BRIEF DESCRIPTION OF THE DRAWINGS

FIG. 1 is a perspective view of one example of a luggage handle identifier attachment with three bands installed through slits in the panel.

FIG. 2 is a perspective view of a removable band.

FIG. 3 is a perspective view of a band that could be permanently installed in a handle or a handle attachment.

FIG. 4 is a perspective view of another example of a luggage handle attachment.

FIG. 5 is a perspective view of a luggage handle identifier.

FIGS. 6 and 7 are perspective views of locking mechanisms to releasably secure bands on the attachment.

DETAILED DESCRIPTION OF THE PREFERRED EMBODIMENTS

The present invention is a luggage accessory that may be mounted on the handle of any piece of luggage. Alternatively, the invention may be incorporated and installed in the original manufacture of a luggage handle. The invention embodies a luggage handle identifier, whether an attachment or a permanent fixture, and includes a distinctive band or bands that are changeable by the luggage owner to create a unique identifier for the luggage. In the example of the use of multiple bands, then each band can be a different color. Alternatively, each band can have multiple colored segments, and the user can manipulate the bands to expose a special color or color combination that is uniquely identifiable. Still further, the bands may incorporate distinctive indicia displayed on them to further personalize the handle or handle attachment.

The following examples discuss the invention in terms of specific embodiments. The present invention, of course, is not limited to these specific examples. Those of skill in the art will be familiar with additional ways of designing the invention and incorporating it into or onto a luggage handle.

FIG. 1 is an example of the invention wherein the luggage handle identifier is an attachment that can be installed around the handle of the luggage by the consumer. The luggage handle identifier is comprised of a panel 1 fashioned from a flexible material such as fabric or vinyl. In FIG. 1, the panel 1 is curled into an approximate cylinder as it would be when wrapped around a luggage handle (not shown). The two facing surfaces 2 and 3 bordered by two axial edges 4 and 5 have first and second fastening elements (not shown). Examples of fastening elements are hook and loop fasteners, adhesive strips, snaps, or the like. The panel 1 has a plurality of pairs of axial slits 9 and 10. The slits 9 and 10 of each pair are approximately diametrically opposed when the panel 1 is wrapped into an approximate cylinder as shown. Three pairs of slits are shown in FIG. 1. Bands 6 are shown passing through slits 9 and 10. The bands 6 have a distinctive visual appearance so as to give the luggage handle cover a unique visual appearance.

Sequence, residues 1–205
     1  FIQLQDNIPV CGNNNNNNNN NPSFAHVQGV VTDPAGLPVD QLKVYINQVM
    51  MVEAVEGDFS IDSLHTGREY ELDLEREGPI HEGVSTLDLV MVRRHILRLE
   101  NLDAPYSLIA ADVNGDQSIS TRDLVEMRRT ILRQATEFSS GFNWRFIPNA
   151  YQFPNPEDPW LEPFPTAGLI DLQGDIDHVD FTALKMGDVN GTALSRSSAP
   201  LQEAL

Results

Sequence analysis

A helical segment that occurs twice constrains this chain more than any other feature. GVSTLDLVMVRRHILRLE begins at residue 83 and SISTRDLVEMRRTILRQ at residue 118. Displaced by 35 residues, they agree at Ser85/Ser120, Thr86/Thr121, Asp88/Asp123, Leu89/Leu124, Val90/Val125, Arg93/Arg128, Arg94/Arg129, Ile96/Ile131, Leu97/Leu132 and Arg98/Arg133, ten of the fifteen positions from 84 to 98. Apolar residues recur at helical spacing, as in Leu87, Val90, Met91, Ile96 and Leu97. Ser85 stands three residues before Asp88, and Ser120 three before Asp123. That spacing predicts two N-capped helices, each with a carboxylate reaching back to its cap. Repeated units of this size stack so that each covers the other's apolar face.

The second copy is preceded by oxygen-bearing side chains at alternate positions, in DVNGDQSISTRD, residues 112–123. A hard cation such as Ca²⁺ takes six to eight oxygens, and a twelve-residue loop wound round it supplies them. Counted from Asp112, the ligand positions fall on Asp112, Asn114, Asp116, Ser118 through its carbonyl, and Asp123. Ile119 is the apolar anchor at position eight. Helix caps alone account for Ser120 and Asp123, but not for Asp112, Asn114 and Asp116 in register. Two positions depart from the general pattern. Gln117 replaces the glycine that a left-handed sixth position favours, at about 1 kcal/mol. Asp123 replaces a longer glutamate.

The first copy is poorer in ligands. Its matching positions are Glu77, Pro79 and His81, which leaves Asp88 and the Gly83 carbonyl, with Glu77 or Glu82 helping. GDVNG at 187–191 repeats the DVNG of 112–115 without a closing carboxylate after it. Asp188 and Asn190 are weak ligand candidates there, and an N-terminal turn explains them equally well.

As shown in FIG. 1, the slits 9 and 10 have a generally uniform slit width 11. It is possible for the slit width 11 to vary between the three pairs of slits shown. Stated another way, one pair of slits 9 and 10 maybe wider or have a greater slit width 11 than the other pairs of slit widths. As shown, the slits 9 and 10 are also separated by a first distance 12 between the slits. In the example shown, the slits are approximately diametrically opposed. The distance 12 between the slits 9 and 10 may vary in order to differentiate the amount of band 6 that is exposed when the band 6 is inserted into the pair of slits.

FIG. 2 illustrates a removable band 6 that may be installed in the panel 1 of the handle identifier attachment. In a similar manner to the fasteners of the panel 1, this band 6 has band fasteners near the ends 20 and 21 of the band. The surface 22 of the band has a distinctive highly visible characteristic such as a bright color, large alpha characters to form initials, logos, or the like. The band 6 is installed on the panel 1 of FIG. 1 by passing the ends of band 6 through the slits 9 and 10 of the panel 1 of FIG. 1. By selecting among various bands made available with the luggage handle cover, the user can assemble a unique pattern for the luggage handle identifier attachment.

To use the preferred embodiment illustrated in FIG. 1, the consumer selects bands provided with the luggage handle attachment and installs each band in the panel 1 by passing the ends of each band through the slits 9 and 10 and engages the fasteners on the underside of the jacket. The consumer then wraps the handle cover around the handle and engages the fasteners of the jacket on the underside of the luggage handle.

FIG. 3 illustrates a band that is installed in the panel 1 at the time of manufacture. This band has a distinctive highly visible characteristic on the top surface 31 and a different distinctive highly visible characteristic on the bottom surface 32, hidden from view in FIG. 3. This band is made as a continuous loop installed in the panel 1 at the time of manufacture. This band may be rotated about its axis to expose either surface 31 or 32 on the top thereby permitting the user to select the particular visual characteristic the user wishes to expose to view.